At room temperature, the neodymium magnet is the most powerful permanent magnet.
But this is only at room temperature. Early Neo magnets had an annoying flaw: they were sensitive to temperature, and when the temperature rose, the magnetism dropped dramatically, and when it was above 100 degrees Celsius, it was completely demagnetized. But now an improvement has been found by adding a small amount of dysprosium, another rare earth metal, which is less sensitive to temperature changes.
At the same time, a technological revolution driven by permanent magnets opened the curtain. Anywhere you want to produce the strongest magnetic field with the least amount of material, Neo permanent magnets are preferred: car engines, spindle motors on CD and DVD readers, electric signals converted into sound diaphragms in headphones and speakers, and super magnetic fields needed in medical magnetic resonance technology… By 2010, even though cheaper ferrites still dominated the market, neodymium permanent magnets were worth more than a dozen or even hundreds of times more than ferrites in terms of volume.
However, when Neo permanent magnets were developed, the demand for rare earth metals surged. Rare earth metals aren’t really rare on the planet — they are a few parts per million in the earth’s crust — they’re “rare” because they’re hard to find.
Search for new permanent magnet materials
Each computer needs only 50 grams of Neo permanent magnet. It doesn’t seem like much, but given the number of computers around the world, it’s almost an astronomical number. Now, with the rise of green energy technology, the consumption of computers has become a great mystery. Turbine motors in wind farms, as well as electric cars and bicycles, require lightweight and powerful permanent magnets, and only Neo magnets currently meet the requirements. Each electric vehicle consumes 2 kilograms of Neo permanent magnets. The power of megawatt wind turbines will consume 2/3 tons of Neo permanent magnets. Therefore, it is imminent to develop new and stronger permanent magnets. It is better to reduce the number of rare earth metals. The ideal situation is to stop using rare earth metals.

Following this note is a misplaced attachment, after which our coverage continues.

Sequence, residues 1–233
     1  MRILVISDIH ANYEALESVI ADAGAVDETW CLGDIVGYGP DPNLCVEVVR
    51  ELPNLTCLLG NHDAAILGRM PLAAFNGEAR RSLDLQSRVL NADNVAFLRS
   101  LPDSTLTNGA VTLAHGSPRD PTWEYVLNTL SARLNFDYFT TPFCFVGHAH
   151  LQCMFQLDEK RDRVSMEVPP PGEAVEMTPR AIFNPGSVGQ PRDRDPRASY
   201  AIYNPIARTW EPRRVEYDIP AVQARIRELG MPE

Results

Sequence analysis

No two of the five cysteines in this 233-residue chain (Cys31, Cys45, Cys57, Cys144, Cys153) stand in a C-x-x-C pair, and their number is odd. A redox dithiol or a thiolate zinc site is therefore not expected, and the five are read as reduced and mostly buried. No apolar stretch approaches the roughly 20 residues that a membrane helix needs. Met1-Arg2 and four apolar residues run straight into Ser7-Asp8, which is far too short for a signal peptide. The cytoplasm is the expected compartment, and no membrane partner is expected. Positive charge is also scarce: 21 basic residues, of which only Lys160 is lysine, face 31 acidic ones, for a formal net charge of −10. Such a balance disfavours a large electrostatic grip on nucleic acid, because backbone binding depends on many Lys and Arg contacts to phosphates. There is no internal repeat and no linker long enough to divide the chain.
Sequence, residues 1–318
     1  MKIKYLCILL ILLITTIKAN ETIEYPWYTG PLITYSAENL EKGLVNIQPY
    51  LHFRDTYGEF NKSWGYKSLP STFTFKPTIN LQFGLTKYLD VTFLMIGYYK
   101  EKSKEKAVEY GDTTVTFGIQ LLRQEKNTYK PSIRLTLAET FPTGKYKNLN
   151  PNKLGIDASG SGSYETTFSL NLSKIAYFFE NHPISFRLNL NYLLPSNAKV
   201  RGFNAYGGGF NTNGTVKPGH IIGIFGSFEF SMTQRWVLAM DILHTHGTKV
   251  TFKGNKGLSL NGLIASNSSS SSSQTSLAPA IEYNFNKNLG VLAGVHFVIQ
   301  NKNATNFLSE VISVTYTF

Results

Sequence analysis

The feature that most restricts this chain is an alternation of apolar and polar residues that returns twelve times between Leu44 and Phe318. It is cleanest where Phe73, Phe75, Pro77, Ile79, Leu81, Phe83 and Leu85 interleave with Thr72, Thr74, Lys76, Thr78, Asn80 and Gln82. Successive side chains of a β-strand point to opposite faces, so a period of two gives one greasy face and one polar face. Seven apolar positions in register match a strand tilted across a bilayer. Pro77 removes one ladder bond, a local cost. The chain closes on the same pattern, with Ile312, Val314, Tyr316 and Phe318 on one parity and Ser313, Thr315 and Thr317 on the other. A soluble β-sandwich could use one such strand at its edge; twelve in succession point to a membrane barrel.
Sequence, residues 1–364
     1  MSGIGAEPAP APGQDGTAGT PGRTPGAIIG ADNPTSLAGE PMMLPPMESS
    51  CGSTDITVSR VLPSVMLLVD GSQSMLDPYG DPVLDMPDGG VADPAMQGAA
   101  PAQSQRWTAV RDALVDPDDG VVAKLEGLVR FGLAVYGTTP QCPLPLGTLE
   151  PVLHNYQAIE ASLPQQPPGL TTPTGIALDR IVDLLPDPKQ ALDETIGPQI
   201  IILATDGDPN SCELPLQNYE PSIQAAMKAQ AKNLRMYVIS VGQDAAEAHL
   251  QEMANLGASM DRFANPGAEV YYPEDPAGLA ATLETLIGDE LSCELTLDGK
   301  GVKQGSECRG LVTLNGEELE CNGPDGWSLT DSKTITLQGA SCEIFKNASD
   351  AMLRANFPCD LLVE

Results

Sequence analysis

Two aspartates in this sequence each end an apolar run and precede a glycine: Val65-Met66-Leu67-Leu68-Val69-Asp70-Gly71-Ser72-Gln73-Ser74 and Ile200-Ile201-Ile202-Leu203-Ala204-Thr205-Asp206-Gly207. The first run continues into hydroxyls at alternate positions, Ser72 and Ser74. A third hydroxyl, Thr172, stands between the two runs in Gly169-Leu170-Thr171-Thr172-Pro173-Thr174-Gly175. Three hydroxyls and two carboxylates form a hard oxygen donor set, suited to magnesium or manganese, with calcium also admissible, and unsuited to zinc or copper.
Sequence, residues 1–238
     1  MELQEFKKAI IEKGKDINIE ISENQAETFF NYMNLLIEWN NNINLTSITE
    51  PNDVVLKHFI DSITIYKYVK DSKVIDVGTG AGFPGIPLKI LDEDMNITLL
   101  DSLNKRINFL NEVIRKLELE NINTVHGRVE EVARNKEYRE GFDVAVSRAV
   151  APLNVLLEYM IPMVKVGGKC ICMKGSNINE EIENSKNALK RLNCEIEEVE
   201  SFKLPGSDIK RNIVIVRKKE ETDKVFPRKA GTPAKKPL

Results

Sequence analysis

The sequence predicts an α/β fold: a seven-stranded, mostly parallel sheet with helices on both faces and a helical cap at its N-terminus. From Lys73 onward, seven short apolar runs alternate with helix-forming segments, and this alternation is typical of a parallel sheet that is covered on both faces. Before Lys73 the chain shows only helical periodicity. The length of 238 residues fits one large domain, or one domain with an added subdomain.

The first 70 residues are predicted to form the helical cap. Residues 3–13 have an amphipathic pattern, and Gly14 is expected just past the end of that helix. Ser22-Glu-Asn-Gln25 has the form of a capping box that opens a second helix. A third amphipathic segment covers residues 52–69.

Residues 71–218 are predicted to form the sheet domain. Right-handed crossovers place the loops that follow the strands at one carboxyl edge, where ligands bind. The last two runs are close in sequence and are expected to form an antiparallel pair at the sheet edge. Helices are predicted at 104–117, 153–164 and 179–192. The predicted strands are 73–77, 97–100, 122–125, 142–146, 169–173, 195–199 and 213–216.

The United States has invested huge sums of money in finding new permanent magnets. At present, scientists are trying to improve the performance of Fe Ni alloy permanent magnets. Usually, when two magnetic metals, iron and nickel, are fused together, they form disordered structures in which it is difficult to align electrons in the same direction. One exception, however, is that iron and nickel atoms are arranged in regular layers in a mineral called cubic nickel rubble. Once a magnetic field is applied, the electron spins tend to move in the same direction.
But this mineral is very difficult to form under natural conditions, especially on the earth. In fact, the only orthoclase sample in the world today comes from a meteorite that took at least billions of years to form. One billion years is certainly too long for us. The goal of scientists is to synthesize it in the laboratory and do what nature needs to do in billions of years.
Another ongoing attempt that seems to be completely different is to use carbon as a permanent magnet. It is well known that graphite and diamond are nonmagnetic, and the incorporation of carbon into pure iron also makes it lose its magnetism. But making compounds of carbon and other elements into nanoparticles is another matter. Scientists found that the material showed strong magnetism. For commercial secrecy, what the material is and how to make it is not convenient for scientists to disclose. But they say the permanent magnet will one day beat neodymium at both performance and price.
For more information, please visit https://www.usneodymiummagnets.com/